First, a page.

Well you never know as I personally run the label. So yes you could say we are in good touch still. We will see if we release under FIRE.inc. again, nothing is decided on that.
11. Is the material on the "Car Dirty With Jam on a Busy Street" LP ever going to be reissued? How would you describe the music on it to someone who only know your recent output?
Well I don't think it will be reissued just yet. Maybe in some years (?). But it was when we still used guitars as source material and more usual set of instruments. We still lived in Iceland. Then we decided to take Bruce Gilbert's advice when we met him and drop the guitars.
12. What is the "Meditation on violence" video?
It is a video to one of our tracks. A remix by Matt Wand (of Stock,Hausen & Walkman) that appeared on the "one side mona lisa..." CD. A friend of ours, German filmmaker and artist Oliver Kochta did it for us.
13. In the Bananafish interview you seemed reluctant to talk of the gear you used making your music - would you consider giving me a rough idea of what your current set of musical equipment is like? Any special item you don't get tired of playing?
Macintosh computers, both powerbooks and desktops.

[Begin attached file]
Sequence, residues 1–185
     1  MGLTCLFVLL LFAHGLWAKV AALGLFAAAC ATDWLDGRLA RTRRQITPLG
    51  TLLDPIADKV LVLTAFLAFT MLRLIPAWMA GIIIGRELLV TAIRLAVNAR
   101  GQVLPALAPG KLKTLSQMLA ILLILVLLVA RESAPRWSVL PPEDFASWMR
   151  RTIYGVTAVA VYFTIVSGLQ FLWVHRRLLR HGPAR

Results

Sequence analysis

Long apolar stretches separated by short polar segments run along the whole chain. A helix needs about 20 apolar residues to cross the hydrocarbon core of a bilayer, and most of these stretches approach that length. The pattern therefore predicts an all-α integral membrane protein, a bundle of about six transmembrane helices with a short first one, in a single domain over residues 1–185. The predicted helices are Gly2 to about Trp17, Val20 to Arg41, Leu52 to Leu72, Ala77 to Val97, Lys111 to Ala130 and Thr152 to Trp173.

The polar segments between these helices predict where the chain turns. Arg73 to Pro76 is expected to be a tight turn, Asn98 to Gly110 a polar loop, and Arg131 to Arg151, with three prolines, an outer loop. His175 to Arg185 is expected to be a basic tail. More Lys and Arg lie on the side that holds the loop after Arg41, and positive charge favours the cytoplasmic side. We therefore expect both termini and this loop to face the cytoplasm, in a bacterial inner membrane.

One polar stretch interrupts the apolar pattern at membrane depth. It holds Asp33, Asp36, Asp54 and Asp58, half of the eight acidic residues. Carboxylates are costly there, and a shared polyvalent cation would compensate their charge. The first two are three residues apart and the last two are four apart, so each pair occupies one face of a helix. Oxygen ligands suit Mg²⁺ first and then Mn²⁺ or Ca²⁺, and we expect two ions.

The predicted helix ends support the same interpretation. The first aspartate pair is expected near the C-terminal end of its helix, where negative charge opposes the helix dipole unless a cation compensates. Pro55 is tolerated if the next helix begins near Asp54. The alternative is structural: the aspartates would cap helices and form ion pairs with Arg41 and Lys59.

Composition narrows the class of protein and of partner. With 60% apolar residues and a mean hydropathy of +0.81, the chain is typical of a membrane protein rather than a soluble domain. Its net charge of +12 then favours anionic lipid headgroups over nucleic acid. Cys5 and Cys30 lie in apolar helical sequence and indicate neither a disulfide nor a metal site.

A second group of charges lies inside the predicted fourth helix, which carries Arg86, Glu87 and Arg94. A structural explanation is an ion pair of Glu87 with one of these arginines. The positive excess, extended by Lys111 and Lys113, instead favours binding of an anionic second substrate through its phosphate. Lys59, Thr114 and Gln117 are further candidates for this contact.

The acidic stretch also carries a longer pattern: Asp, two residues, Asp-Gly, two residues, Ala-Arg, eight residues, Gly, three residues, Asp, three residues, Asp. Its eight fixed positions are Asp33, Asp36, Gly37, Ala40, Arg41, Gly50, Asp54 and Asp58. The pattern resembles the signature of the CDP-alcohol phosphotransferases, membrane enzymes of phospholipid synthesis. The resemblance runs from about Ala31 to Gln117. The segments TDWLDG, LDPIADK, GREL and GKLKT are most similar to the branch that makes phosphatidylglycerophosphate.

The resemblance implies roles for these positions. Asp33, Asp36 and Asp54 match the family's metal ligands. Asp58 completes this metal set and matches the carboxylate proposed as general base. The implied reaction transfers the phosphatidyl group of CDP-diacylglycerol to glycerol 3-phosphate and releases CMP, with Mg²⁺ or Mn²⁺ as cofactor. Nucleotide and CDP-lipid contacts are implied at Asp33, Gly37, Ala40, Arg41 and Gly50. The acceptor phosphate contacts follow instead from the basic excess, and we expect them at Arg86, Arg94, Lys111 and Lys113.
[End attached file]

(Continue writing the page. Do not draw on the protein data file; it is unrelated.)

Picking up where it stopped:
14. Can you tell me a bit more about your year of studies in sonology at Den Haag? What sort of techniques were you exploring?
Basically we got introduced to more electronic working methods than we'd used before, we started researching about sounds in various computer programs and computers and using analog equipment more like connecting oscillators, generators, filters etc. In a way it changed our direction quite a lot.
15. Do you think you'll go back to using guitars in the future?
No way - never again... well, no, we use whatever nowdays as it usually becomes something completely unrecognicable in the end. We just wanted to explore a whole different world than what we'd done before so it was a very logical step in that sense.
16. When did the Fire, Inc. label begin?
We started with putting on a gig with four bands (Stilluppsteypa, Curver, Puff, and Kolrassa Krokridandi) one night in Reykjavik in '92. After that we decided to keep it going and make something out of what we had started, very soon it ended in my hands completely. So then I decided to take it into another direction which I found far more interesting by releasing such things as The Hafler Trio, CM Von Hausswolff, Stock Hausen & Walkman etc...
17. Is there a "sound philosophy" that you adhere to that could be used to tie together some of the artists you have chosen to release on Fire, Inc.?
There is no real frame around my selection of artists to release, it can be whatever...!